Planners in El Paso wanted better insights into economic segregation in their area in order to take more comprehensive approaches to delivering equitable outcomes.
When it comes to understanding segregation, it’s common to look at where people live, but housing only tells part of the story. People work, shop, and socialize in ways that are influenced by segregation in the built environment. It’s easy to miss important dynamics in a city if decisions are based primarily on where groups of people reside. Unfortunately, the sparsity of data, plus constraints on time and staffing, means planners are forced to rely on what is consistently available to them: residential data.
Planners in El Paso used several components of population data from Replica’s Places tool to look at how economic segregation shows up in the workforce. They downloaded income data and worker location data, layering them together in their preferred mapping tool.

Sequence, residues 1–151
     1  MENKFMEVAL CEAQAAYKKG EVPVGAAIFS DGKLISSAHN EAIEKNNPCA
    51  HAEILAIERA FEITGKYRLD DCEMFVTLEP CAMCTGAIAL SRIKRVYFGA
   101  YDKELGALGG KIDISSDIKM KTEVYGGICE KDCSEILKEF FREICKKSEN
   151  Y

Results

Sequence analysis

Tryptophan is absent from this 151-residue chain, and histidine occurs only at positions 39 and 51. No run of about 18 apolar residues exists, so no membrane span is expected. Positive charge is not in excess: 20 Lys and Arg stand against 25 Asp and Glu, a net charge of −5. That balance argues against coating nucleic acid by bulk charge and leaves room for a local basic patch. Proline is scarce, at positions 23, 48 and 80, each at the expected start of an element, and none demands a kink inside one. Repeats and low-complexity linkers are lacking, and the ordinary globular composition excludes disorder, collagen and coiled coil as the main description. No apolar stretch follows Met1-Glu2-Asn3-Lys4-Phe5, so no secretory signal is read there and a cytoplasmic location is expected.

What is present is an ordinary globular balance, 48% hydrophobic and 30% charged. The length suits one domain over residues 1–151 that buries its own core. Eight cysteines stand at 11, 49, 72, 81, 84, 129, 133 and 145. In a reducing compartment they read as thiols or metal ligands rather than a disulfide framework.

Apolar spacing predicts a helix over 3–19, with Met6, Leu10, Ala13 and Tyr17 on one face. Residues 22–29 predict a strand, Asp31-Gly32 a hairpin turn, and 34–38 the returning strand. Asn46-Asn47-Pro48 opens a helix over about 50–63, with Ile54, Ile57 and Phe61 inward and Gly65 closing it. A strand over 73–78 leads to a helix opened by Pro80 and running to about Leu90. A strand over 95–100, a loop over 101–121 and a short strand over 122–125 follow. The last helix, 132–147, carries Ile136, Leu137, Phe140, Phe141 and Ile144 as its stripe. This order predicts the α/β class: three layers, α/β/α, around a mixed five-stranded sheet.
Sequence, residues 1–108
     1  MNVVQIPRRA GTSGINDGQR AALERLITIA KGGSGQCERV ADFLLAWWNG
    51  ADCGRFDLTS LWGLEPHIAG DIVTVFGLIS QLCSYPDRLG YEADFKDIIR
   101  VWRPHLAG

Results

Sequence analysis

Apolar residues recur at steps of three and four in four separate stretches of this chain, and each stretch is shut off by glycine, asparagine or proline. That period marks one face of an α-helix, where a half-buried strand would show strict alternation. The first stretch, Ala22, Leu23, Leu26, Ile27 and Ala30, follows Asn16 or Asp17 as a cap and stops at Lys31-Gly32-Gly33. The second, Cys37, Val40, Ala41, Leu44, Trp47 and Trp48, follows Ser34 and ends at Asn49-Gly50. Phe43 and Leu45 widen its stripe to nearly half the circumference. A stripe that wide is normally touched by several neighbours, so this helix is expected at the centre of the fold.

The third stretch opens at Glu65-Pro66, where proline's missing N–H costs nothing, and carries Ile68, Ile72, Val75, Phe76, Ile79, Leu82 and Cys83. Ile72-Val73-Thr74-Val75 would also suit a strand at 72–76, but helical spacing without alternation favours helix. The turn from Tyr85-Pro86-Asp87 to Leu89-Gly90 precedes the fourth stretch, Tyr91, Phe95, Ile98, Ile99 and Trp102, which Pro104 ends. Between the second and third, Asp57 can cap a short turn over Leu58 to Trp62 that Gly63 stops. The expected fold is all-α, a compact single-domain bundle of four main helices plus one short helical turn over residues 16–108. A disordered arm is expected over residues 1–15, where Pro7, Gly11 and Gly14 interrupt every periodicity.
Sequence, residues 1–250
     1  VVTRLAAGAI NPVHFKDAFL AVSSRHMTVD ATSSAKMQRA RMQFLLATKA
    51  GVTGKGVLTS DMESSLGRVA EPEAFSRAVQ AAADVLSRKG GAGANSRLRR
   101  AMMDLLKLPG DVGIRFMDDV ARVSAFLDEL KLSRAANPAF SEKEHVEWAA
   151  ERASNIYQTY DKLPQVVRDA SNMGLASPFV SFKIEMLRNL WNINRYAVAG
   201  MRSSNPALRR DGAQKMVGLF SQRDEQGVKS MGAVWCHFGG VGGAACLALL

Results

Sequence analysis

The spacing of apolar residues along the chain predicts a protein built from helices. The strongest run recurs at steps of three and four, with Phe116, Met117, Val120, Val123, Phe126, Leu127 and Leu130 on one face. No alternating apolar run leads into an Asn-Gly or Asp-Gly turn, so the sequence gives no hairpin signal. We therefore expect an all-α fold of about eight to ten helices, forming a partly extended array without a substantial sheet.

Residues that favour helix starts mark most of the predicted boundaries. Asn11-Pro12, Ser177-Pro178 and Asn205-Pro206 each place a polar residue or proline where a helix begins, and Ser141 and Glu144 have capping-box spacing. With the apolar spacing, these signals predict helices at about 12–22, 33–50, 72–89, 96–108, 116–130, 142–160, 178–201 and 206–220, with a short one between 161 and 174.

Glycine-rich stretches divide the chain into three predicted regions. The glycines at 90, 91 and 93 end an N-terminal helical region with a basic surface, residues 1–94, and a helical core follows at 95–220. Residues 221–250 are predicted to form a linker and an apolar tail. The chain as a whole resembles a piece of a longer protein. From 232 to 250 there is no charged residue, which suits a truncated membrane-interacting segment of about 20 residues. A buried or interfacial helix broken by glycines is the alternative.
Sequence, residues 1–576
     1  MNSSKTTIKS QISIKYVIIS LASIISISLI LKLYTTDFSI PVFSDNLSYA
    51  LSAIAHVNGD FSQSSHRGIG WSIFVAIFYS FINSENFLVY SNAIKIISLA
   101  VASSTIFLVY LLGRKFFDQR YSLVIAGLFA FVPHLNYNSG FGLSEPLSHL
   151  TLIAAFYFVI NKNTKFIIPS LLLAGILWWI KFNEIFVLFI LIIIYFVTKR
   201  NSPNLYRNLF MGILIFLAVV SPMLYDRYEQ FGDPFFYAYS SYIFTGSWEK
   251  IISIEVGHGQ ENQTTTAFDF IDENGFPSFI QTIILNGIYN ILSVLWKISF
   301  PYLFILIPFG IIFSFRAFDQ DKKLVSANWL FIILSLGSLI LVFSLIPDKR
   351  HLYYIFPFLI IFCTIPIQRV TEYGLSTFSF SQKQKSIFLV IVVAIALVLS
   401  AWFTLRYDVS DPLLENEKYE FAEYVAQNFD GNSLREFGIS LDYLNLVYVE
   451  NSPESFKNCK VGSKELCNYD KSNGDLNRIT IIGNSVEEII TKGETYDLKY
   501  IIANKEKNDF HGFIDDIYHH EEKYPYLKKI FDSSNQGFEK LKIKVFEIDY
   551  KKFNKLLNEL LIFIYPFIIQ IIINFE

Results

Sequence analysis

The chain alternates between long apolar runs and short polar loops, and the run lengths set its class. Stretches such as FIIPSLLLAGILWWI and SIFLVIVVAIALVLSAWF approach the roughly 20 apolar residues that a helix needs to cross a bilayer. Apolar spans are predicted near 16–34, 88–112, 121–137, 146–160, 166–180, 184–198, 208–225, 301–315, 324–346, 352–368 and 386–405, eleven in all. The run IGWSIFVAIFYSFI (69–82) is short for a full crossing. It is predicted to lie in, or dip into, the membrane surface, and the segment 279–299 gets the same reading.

The result allowed planners to see where economic segregation occurred among residential groups, and also to visually display how low-income jobs are concentrated in a few areas around the city.
As cities strive to deliver more equitable outcomes for their residents, they can leverage data to reveal inequities that may not appear through traditional sources. El Paso planners took advantage of Replica’s composite datasets, overlaying mobility, residential, and economic data to better understand more ways that segregation occurs throughout their city.